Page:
This project focuses on the Ulster Museum’s function as a shared or inclusive space utilising participant observation, visitor surveys, and analysing the museum’s own archives. Starting with a brief history and a look at the museum’s location, this paper aims to answer and raise questions about the validity of a museum as a shared or inclusive space in a contested city. When a portion of the population does not support, or is at least not content with, the existence of the state, can a state organisation be inclusive?
The Ulster Museum, a multi-focused museum, is essentially Northern Ireland’s “National Museum”. Comprised of art, science, and history exhibitions, including past and present “troubles” related exhibits, it offers a range of experiences for potential visitors. But who are these visitors? How accessible is the museum and what have visitors experienced coming to the Ulster Museum? All museums struggle to attract a wide range of visitors utilising varied practices to expand their target audience. Being more than just a history museum or an art gallery increases the number and type of visitors, but what other steps has this museum taken to create an inclusive environment?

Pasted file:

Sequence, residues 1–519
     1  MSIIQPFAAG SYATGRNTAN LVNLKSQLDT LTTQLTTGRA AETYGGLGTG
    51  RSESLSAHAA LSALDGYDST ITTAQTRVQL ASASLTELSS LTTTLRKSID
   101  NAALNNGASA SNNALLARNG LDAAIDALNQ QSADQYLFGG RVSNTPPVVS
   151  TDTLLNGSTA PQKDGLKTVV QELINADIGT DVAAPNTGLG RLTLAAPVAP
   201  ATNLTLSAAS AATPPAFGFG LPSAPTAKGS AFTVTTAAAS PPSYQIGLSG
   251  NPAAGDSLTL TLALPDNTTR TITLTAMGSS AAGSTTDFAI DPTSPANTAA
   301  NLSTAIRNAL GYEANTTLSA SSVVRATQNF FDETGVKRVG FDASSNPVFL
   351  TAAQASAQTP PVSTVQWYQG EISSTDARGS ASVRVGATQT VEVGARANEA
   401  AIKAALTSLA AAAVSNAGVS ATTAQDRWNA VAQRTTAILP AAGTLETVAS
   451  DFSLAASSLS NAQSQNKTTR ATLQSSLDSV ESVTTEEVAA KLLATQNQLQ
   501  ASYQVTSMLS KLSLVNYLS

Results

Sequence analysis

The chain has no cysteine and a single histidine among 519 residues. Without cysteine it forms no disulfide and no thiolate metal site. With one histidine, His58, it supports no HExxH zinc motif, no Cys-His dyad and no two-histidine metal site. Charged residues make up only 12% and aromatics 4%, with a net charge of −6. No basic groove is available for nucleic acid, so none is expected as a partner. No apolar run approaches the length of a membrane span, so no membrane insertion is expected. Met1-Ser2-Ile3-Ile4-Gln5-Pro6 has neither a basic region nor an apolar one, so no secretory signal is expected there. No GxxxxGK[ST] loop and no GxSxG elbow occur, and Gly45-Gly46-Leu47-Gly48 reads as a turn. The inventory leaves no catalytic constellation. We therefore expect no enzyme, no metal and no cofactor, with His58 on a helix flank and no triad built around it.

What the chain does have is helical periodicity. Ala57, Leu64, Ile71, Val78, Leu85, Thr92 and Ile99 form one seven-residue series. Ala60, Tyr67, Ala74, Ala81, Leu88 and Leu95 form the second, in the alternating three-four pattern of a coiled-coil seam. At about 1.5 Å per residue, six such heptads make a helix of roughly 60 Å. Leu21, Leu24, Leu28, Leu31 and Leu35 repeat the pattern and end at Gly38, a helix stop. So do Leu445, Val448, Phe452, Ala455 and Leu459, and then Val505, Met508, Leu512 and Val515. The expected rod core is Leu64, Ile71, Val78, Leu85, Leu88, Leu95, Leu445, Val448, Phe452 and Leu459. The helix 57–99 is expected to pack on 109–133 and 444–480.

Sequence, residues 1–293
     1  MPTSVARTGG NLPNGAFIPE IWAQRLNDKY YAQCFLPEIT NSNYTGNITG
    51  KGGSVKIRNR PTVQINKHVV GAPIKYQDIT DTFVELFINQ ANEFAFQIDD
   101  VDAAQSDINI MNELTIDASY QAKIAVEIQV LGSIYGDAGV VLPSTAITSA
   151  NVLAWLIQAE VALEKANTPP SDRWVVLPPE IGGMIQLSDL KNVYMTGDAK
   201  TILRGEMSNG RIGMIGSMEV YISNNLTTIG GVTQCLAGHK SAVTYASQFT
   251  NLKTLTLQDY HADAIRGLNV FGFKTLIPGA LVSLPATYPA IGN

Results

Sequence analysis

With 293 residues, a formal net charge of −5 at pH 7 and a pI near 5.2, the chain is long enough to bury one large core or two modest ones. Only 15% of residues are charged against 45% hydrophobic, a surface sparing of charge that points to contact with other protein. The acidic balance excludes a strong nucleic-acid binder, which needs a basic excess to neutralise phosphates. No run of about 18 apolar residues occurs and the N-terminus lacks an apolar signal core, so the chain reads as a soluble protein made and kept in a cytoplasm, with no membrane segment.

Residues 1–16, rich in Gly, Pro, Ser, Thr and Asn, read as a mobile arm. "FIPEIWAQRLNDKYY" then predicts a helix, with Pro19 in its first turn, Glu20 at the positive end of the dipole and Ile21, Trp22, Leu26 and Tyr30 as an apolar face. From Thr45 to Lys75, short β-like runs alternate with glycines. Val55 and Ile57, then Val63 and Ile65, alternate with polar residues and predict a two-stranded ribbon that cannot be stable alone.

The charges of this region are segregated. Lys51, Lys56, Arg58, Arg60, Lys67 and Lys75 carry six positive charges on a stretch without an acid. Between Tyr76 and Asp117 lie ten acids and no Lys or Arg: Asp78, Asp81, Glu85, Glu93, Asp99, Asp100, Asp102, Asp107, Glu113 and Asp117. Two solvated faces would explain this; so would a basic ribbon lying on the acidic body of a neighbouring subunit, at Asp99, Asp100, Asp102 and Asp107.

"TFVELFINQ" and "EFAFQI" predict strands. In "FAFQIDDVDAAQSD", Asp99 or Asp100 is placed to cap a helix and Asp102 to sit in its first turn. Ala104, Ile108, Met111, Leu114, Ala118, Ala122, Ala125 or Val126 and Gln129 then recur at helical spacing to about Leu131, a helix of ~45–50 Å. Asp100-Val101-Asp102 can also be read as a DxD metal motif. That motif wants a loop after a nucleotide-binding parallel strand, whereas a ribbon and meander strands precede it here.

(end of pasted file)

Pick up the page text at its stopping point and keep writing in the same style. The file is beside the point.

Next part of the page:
|Keywords:||Conflict, Shared Space, Visitors, The Troubles, Northern Ireland|
Ph.D. Candidate, Institute of Irish Studies, School of History and Anthropology, Queen’s University of Belfast, Belfast, Northern Ireland, UK
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